A Thousand and One Nights: A History of the Text and its Reception by Dwight Reynolds

The West "discovers" the Nights

"A Thousand and One Nights: A History of the Text and its Reception" by Dwight Reynolds ( is, in my opinion, one of the most succinct – yet right on – histories of the Nights. It was only available before via academic libraries and is part of the volumes that make up Cambridge University Press' Arabic Literature series.

Professor Reynolds has uploaded a copy on academia for you to read/download here, however -

I like the way the chapter successfully defines the Nights in a very clear, non polemic, manner, especially in its conclusion:

The Nights was a relatively unknown collection of fabulous tales, one of many such collections that formed a part of late medieval popular Arabic literature, its unique embedding of tales and its compelling heroine notwithstanding.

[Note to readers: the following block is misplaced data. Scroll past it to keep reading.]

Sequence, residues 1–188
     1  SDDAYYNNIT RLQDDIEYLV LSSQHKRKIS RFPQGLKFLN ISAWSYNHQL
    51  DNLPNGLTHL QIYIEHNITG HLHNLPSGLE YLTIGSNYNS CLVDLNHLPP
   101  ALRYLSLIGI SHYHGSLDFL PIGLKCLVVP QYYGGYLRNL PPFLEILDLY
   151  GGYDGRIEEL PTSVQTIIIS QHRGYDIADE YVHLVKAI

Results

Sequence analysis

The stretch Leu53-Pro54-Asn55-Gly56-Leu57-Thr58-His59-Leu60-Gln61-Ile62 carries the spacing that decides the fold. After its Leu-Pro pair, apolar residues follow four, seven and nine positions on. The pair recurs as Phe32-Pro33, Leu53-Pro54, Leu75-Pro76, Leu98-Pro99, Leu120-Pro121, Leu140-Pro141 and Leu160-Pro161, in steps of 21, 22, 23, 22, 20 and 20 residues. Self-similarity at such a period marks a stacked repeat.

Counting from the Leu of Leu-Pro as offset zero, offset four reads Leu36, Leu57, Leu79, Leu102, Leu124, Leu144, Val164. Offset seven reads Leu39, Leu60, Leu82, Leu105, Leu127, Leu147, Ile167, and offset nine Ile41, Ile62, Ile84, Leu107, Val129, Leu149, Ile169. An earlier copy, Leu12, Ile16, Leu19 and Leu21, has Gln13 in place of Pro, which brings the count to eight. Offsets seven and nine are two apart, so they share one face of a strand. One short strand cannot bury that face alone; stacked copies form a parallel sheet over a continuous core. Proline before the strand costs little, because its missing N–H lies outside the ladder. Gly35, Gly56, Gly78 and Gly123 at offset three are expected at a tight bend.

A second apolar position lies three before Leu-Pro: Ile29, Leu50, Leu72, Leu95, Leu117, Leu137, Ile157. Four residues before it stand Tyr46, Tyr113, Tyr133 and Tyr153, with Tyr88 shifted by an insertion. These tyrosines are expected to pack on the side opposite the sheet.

By chance, this particular work was snatched from obscurity and given a new existence by Western scholars, translators, publishers and readers who acclaimed it both as a literary masterpiece and as a trustworthy guide to Middle Eastern cultures.”

And I love this too about the Nights, how random of a text from that time period it was to have been "chosen" and "discovered" by Western Orientalists like Galland and co. to become the penultimate representative of the Muslim and Arab world for the West. That's truth. And it's weird. And fascinating. 

Saturday, August 13, 2016

The enduring lure of The Arabian Nights - Muhsin Al Musawi

This is a recent interview by Gulf News of (here very defensive sounding) Colombia Professor Muhsin Al Musawi on the Nights.

What is most interesting to me is Al Musawi's critique of what he sees as Western interference into the legacy of the culture of the Nights.

Excerpts below, entire interview (unfortunately with pop up ads and the like) here: